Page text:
Long Term Disability Insurance – “your job” vs. “your occupation” – understand the difference:
THE VOCATIONAL SIDE OF LONG-TERM DISABILITY
Frequently, long-term disability contracts provide us with definitions for disabling conditions. These definitions embrace the idea that your illness or disability affects your ability to perform “your job.” Occasionally, policies also refer to “your occupation.” These terms do not mean the same thing. In many cases we see long-term disability insurers relying upon “your occupation” more than your particular job when they analyze your disability claim.
The term “occupation” embraces how the job is performed in the general economy. Jobs may be similar from company to company, but how that work is performed specifically can vary from employer to employer.
This summer, we had the opportunity to litigate the issue of The Hartford’s policy language as it relates to “your occupation.” After completing the briefing, the United States District Court for the Southern District of Ohio found that the Hartford’s limited manner in which it analyzed our client’s “occupation” was arbitrary and capricious. Specifically, the Court noted that by focusing on 60% of our client’s job, the Hartford failed to embrace the physical requirements that would be required for the remaining 40% of the time that she spent at work.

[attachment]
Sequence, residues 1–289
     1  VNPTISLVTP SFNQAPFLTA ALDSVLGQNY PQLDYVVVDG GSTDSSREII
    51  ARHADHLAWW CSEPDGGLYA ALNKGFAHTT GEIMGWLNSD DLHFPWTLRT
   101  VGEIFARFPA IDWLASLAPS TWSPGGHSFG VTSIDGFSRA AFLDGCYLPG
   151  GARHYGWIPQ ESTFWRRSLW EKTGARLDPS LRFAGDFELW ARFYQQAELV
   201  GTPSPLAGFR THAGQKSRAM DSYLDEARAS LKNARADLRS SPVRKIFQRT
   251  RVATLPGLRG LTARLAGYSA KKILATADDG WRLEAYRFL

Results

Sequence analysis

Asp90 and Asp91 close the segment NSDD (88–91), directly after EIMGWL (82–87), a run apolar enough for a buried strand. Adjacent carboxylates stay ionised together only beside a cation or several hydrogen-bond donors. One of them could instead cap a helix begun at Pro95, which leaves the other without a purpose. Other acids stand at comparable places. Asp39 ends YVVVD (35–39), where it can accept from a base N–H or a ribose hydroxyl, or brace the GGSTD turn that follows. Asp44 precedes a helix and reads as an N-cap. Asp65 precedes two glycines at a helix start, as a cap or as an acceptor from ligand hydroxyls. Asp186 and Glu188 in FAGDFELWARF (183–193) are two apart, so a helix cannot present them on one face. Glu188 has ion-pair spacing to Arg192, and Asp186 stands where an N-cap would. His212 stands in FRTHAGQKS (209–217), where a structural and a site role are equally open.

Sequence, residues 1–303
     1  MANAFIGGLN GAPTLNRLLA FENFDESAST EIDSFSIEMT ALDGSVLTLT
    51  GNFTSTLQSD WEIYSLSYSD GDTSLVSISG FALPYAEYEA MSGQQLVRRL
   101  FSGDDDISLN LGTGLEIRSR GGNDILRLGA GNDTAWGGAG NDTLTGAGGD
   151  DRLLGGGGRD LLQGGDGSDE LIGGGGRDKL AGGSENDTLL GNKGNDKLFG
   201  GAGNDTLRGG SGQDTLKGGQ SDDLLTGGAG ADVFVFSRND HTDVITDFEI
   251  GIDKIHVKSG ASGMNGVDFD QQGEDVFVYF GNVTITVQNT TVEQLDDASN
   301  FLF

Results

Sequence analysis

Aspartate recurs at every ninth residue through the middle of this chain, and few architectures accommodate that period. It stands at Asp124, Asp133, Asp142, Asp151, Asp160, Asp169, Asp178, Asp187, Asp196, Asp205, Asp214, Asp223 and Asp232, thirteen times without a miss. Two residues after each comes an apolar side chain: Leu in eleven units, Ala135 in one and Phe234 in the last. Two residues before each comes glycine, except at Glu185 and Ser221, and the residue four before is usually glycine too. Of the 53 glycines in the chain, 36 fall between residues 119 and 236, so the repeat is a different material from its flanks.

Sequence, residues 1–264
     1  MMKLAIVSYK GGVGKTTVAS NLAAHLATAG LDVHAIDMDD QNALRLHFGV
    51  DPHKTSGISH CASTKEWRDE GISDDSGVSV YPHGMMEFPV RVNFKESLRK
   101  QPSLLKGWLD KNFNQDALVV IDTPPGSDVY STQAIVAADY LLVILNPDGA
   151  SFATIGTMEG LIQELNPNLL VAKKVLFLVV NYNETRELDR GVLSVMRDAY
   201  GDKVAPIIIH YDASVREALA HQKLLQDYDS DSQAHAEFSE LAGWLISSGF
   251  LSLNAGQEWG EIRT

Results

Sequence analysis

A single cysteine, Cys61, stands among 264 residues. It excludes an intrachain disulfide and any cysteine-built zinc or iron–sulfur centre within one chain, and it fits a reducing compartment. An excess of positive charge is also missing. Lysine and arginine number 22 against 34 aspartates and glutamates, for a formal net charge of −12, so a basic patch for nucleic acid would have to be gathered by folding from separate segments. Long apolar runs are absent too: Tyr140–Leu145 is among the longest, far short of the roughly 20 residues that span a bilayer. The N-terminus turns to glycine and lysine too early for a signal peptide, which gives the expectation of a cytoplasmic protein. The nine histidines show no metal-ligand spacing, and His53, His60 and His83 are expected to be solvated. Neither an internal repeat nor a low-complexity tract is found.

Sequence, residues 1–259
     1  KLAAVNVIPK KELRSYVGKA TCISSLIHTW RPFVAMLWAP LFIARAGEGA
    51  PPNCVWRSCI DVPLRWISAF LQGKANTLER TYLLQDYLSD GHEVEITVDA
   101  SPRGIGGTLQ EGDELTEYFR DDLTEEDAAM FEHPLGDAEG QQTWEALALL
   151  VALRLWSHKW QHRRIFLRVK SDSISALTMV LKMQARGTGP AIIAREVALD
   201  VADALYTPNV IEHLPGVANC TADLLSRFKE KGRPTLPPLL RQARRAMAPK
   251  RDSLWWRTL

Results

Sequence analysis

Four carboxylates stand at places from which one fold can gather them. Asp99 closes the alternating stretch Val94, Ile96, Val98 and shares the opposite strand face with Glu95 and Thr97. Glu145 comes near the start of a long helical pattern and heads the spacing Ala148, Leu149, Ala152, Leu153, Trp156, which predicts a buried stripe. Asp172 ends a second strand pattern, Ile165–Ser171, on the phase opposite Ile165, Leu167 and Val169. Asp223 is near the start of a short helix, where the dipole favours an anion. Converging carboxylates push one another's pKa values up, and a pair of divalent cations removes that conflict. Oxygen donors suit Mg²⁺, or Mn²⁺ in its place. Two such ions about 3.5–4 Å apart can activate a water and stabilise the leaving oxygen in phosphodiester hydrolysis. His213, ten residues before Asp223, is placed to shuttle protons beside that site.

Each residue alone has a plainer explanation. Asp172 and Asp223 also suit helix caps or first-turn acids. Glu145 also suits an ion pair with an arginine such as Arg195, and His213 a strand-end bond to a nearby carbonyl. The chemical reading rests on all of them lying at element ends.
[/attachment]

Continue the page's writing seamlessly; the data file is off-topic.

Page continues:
This is an interesting decision and it demonstrates one of the features of long-term disability work that happens quite frequently. rest This frequently will lead to results that are not appropriate.
We are grateful that the District Court ruled in favor of our client. See Decision and Order – Calhoun
Calhoun v. Group Long-term Disability Plan, 3:10-cv-271 (S.D. Ohio July 18, 2011) (reversal of denial of benefits because the plan administrator determined the specific job instead of the occupation, failed to establish the essential duties of that occupation, and failed to consider the employee’s ability to perform those essential duties).
Questions about your long term disability insurance claim?
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